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Buying guide for best commercial baby changing diaper stations

Daycares, dance schools, churches – there’s no shortage of places that need a commercial changing station for parents and their babies. More than one parent has breathed a sigh of relief after spotting a changing station in a public venue. These amenities provide a safe place to change diapers, and most have onboard storage for diaper bags, coats, and other baby gear.

Finding the right changing station requires taking a good look at the space you have available and the needs of those who will be using it. We’re here to help you narrow down your choices and find a safe station that fits your budget.

We’ve put together this shopping guide to let you know the main considerations and features to watch for. Our top five picks include the stations we think stand out for their durability and convenience.

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Changing stations that are ANSI approved meet strict safety and construction standards. However, compliance also includes proper installation. So unless you have experience, that means you’ll need the help of a professional.

Key considerations

Horizontal vs. vertical

Commercial changing stations come in one of two basic designs: horizontal or vertical.

  • Horizontal: This type of station opens on a long horizontal hinge. Parents change their babies from the side and can access any built-in dispensers or storage bins by reaching over the baby. This station works well if you have the wall and floor space. It takes up 35 to 38 inches of wall space but only extends 22 to 23 inches into the room. Once open, it uses the same square footage as a vertical station but keeps that area hugged close to the wall.

  • Vertical: This type of station opens on the short hinge and extends farther into the room. It uses the same square footage as a horizontal station but extends out from the wall. In general, it works best in areas with limited wall or floor space because it uses 22 to 23 inches of horizontal space and extends that distance up the wall.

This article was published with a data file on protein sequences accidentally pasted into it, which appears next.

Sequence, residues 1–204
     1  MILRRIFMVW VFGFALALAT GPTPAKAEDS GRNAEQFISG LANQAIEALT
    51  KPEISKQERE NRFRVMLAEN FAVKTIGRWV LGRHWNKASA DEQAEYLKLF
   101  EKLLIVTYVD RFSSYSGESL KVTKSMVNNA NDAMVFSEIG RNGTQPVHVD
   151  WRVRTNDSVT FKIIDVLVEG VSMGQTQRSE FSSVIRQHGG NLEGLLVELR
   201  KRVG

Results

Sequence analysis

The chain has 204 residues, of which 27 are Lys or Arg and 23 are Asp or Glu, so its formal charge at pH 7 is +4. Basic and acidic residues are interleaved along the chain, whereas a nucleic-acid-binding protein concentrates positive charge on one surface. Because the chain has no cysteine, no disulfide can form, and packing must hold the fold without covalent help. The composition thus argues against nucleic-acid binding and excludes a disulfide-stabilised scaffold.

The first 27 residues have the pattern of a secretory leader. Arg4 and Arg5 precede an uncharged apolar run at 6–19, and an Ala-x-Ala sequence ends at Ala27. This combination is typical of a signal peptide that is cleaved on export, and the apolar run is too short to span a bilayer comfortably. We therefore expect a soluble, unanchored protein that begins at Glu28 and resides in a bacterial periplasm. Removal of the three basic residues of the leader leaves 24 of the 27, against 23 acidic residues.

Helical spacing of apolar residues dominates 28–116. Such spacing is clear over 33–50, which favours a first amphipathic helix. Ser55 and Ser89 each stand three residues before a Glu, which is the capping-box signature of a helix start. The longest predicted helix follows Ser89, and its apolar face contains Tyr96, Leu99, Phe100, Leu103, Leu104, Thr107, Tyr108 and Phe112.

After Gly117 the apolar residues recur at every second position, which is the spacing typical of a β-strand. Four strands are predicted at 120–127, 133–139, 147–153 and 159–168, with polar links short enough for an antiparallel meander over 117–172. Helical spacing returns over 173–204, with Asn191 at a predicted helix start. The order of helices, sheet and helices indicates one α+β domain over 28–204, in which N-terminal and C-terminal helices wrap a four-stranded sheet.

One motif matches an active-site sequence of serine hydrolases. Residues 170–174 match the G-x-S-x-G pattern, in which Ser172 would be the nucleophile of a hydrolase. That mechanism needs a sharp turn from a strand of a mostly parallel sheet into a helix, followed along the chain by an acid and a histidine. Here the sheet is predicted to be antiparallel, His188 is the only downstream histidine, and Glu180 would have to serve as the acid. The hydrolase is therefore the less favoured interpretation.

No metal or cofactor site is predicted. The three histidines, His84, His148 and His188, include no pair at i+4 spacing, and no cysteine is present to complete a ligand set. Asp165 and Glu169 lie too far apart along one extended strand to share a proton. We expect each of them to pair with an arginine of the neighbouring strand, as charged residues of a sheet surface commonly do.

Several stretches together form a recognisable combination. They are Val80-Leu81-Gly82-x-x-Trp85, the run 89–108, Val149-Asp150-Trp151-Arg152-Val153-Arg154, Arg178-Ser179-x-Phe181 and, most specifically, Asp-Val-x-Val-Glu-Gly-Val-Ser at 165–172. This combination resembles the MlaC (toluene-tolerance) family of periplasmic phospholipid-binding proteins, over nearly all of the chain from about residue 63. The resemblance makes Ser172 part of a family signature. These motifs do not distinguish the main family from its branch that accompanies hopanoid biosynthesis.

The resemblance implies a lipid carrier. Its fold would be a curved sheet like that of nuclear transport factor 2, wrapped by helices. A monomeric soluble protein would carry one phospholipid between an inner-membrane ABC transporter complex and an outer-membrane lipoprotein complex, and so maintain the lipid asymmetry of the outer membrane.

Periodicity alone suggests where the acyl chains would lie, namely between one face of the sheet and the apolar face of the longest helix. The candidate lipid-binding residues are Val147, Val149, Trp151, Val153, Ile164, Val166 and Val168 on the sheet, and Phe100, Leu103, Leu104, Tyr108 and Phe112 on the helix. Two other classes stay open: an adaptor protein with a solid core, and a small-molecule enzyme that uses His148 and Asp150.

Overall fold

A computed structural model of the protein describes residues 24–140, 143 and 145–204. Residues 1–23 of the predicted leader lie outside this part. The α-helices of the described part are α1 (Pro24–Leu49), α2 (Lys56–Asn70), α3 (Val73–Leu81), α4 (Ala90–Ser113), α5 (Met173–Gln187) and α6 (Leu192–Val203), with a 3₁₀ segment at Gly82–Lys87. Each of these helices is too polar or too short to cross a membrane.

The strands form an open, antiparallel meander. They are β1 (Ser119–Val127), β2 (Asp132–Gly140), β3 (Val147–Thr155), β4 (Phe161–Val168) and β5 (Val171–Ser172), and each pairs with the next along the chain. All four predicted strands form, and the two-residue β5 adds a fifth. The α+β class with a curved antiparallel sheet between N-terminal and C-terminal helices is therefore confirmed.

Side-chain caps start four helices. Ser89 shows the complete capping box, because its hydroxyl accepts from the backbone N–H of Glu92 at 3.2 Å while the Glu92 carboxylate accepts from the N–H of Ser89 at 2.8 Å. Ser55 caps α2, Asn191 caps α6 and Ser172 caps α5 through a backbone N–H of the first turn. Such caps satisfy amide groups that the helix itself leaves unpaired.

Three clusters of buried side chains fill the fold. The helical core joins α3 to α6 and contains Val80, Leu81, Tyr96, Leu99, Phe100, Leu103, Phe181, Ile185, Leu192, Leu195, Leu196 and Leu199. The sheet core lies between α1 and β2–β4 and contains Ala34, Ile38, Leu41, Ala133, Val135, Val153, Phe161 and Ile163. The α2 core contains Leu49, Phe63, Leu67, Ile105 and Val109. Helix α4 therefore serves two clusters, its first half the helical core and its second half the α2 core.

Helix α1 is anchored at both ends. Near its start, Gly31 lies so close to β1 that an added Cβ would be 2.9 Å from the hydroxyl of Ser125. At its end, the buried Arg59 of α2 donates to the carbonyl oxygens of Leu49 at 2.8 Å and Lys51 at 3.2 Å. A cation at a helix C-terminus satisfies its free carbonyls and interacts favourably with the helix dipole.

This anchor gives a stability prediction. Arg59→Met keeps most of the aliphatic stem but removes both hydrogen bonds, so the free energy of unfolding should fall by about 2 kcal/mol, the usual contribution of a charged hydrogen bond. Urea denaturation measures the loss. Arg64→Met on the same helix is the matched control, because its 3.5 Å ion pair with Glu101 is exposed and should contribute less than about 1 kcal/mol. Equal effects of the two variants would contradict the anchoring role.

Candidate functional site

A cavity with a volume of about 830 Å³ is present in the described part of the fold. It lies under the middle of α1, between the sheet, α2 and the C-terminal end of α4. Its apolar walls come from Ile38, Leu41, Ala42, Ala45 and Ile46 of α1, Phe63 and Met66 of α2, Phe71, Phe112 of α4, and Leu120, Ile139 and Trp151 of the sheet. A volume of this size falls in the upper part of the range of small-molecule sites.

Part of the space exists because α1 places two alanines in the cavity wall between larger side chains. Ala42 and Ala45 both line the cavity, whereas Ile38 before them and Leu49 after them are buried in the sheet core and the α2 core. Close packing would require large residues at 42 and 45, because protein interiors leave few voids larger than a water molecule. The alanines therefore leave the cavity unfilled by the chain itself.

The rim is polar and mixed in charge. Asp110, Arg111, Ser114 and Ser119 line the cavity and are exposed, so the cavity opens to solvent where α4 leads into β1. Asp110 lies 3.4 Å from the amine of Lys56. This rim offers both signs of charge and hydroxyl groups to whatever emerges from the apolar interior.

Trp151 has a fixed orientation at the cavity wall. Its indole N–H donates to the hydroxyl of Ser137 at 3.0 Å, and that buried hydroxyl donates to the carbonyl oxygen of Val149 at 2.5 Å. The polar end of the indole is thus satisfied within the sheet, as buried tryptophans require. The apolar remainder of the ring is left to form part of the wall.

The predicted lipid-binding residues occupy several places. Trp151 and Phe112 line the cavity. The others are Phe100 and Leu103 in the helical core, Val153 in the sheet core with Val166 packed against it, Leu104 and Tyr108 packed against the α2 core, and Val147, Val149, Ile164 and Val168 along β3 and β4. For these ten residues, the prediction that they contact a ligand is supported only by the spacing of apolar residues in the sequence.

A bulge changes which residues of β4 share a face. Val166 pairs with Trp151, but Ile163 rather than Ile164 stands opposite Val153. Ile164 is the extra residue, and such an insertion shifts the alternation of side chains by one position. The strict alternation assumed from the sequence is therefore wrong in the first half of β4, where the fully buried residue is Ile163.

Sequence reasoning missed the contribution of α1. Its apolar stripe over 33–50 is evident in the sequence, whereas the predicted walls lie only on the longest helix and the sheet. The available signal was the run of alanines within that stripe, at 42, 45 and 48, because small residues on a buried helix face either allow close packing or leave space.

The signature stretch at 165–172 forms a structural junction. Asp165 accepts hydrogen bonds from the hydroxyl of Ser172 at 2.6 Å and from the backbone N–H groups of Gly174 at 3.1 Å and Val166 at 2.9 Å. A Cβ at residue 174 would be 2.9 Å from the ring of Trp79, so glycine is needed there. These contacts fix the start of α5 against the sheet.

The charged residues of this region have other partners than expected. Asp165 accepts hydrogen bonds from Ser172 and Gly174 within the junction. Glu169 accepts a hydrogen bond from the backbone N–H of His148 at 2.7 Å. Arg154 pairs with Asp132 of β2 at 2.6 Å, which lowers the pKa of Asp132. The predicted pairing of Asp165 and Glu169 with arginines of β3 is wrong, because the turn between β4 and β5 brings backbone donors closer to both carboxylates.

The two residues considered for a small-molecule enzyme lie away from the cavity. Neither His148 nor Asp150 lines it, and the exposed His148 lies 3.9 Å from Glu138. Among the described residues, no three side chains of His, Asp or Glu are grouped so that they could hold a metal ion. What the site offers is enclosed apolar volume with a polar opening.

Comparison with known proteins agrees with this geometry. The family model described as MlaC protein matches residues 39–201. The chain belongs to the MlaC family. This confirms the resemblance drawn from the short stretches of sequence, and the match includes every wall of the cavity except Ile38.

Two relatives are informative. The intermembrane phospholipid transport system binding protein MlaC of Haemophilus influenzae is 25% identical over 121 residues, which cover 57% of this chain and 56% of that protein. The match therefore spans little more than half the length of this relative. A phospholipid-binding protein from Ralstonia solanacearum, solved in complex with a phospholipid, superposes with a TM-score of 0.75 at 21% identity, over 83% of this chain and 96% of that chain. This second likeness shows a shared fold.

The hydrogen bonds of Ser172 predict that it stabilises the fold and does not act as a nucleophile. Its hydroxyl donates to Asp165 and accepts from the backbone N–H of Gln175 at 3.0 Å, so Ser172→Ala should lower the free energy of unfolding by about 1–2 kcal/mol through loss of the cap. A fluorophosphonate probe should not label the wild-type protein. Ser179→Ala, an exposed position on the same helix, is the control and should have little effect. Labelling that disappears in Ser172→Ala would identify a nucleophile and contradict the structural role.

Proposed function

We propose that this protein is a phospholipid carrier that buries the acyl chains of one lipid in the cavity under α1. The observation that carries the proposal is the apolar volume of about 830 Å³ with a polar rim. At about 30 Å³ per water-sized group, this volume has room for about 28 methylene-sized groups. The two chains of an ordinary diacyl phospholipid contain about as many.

The design that is right for you depends on the layout of the room where the changing station will be installed. Horizontal stations are more popular, but there are definitely circumstances in which a vertical station is the best option.


There’s not a great deal of size variation from one station to the next. Most are approximately 21 to 23 inches wide by 33 to 37 inches long. When it comes to fitting in the available space, the size isn’t as important as the orientation (horizontal or vertical).

Maximum weight limit

This varies from model to model and ranges from 50 to 200 pounds. Daycares and dance schools that have older children using the changing station may benefit from a higher maximum weight limit. If infants and toddlers are the only ones using the station, a high maximum weight limit isn’t necessary.

The ease of installation varies by model but also depends on the construction of the building. Some models come ready for installation in concrete studs while others don’t. Depending on the studs in the building and the model you choose, you might need to buy extra hardware to install the station securely.

Diaper station features

Safety: When it comes to children, safety is always the number one consideration. A commercial changing station absolutely must have a safety strap to keep the baby from falling off. The strap acts as a backup precaution, but the strap isn’t foolproof. The station should include a warning about leaving children unattended.

The corners of a changing station pose a small hazard for young children who might be walking around while a sibling is getting changed. For that reason, many stations have rounded corners. Oval-shaped stations eliminate sharp corners altogether, but even rectangular models have rounded corners that do little damage.

Bag hooks: Parents lug half of their house with them when in public with a baby, and bag hooks on a changing station can be a lifesaver. Hooks may be integrated into the plastic body of the table or extend from the wall mount. Most stations have at least one bag hook, but some have two or more for added convenience.